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By the way, we would recommend you to combine your visit to Kutaisi with other popular and interesting places of Georgia, for example: Mtskheta, Poti, Telavi, Kobuleti, Sighnaghi, Tbilisi, Kutaisi, Stepantsminda, Zugdidi, Batumi, Gudauri, Bakuriani, Mestia, Gori, etc.
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Hotels of Kutaisi
A hotel in Kutaisi is an establishment that provides lodging paid on a short-term basis. Facilities provided may range from a basic bed and storage for clothing, to luxury features like en-suite bathrooms. Larger in Kutaisi hotels may provide additional guest facilities such as a swimming pool, business centre, childcare, conference facilities and social function services. Hotel rooms in Kutaisi are usually numbered (or named in some smaller hotels and B&Bs) to allow guests to identify their room. Some Kutaisi hotels offer meals as part of a room and board arrangement. Hotel operations vary in size, function, and cost. Most Kutaisi hotels and major hospitality companies that operate hotels in Kutaisi have set widely accepted industry standards to classify hotel types. General categories include the following:
Upscale luxury hotels in Kutaisi
An upscale full service hotel facility in Kutaisi that offers luxury amenities, full service accommodations, on-site full service restaurant(s), and the highest level of personalized and professional service. Luxury Kutaisi hotels are normally classified with at least a Four Diamond or Five Diamond status or a Four or Five Star rating depending on classification standards.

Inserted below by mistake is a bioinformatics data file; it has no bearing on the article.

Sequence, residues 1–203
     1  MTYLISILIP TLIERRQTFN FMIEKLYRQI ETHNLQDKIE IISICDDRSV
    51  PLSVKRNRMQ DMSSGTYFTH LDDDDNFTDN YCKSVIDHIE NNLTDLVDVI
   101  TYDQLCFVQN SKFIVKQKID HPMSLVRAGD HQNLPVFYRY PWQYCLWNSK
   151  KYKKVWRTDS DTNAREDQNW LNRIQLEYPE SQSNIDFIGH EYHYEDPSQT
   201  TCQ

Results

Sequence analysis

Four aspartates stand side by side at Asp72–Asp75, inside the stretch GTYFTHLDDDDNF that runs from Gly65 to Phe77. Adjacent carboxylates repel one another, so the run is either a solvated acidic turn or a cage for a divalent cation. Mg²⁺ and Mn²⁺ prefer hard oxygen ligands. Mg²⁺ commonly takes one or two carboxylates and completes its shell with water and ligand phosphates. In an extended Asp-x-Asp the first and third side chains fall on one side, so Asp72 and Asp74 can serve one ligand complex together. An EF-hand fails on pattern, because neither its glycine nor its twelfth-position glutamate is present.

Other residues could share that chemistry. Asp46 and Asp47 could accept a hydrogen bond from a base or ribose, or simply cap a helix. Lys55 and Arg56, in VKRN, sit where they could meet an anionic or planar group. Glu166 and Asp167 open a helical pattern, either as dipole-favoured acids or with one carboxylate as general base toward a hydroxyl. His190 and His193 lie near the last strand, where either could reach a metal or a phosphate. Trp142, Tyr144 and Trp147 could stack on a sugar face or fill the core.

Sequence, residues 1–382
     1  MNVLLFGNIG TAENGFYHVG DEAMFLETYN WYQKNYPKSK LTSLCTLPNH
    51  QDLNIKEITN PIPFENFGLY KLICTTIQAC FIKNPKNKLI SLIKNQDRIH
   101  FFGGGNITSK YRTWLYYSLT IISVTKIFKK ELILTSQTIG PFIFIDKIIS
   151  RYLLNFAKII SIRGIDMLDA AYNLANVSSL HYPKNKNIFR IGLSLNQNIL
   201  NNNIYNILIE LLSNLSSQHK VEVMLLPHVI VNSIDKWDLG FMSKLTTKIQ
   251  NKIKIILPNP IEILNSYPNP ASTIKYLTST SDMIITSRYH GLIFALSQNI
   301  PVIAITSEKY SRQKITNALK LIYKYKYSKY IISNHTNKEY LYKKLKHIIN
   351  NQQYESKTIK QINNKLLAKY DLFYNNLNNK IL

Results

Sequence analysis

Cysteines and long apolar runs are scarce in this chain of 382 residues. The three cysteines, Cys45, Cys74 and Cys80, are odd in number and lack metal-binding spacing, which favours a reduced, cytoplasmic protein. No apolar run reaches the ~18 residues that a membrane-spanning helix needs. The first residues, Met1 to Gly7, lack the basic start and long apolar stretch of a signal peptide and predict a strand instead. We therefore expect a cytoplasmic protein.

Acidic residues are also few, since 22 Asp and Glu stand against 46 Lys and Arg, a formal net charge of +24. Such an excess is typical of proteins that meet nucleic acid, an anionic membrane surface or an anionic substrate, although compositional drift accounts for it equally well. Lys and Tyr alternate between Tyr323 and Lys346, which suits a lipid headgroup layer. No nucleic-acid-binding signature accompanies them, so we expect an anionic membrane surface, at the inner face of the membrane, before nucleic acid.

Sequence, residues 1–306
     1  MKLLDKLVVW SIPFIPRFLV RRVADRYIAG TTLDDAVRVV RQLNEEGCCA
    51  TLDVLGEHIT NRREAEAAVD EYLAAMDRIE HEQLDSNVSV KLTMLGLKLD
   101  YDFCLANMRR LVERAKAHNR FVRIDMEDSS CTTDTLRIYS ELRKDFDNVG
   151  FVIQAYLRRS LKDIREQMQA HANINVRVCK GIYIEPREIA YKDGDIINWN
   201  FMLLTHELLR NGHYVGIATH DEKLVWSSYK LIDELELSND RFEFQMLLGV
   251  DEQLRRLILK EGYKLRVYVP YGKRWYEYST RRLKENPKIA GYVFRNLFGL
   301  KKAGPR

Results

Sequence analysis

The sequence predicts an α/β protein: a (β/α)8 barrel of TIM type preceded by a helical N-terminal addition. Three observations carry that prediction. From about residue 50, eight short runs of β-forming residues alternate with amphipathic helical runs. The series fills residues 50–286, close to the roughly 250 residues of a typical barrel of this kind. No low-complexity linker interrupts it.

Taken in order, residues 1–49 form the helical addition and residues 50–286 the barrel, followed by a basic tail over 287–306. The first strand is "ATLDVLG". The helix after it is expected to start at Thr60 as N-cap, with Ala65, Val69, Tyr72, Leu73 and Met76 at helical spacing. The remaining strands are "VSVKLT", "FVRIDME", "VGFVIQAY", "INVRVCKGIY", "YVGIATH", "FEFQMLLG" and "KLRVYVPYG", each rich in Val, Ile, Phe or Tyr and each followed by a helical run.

Full service hotels in Kutaisi
Full service Kutaisi hotels often contain upscale full-service facilities with a large volume of full service accommodations, on-site full service restaurant(s), and a variety of on-site amenities such as swimming pools, a health club, children's activities, ballrooms, on-site conference facilities, etc.
Historic inns and boutique hotels in Kutaisi
Boutique hotels of Kutaisi are smaller independent non-branded hotels that often contain upscale facilities of varying size in unique or intimate settings with full service accommodations. Kutaisi boutique hotels are generally 100 rooms or less. Some historic inns and boutique hotels in Kutaisi may be classified as luxury hotels.
Focused or select service hotels in Kutaisi
Small to medium-sized hotel establishments that offer a limited amount of on-site amenities that only cater and market to a specific demographic of Kutaisi travelers, such as the single business traveler. Most Kutaisi focused or select service hotels may still offer full service accommodations but may lack leisure amenities such as an on-site restaurant or a swimming pool.
Economy and limited service hotels in Kutaisi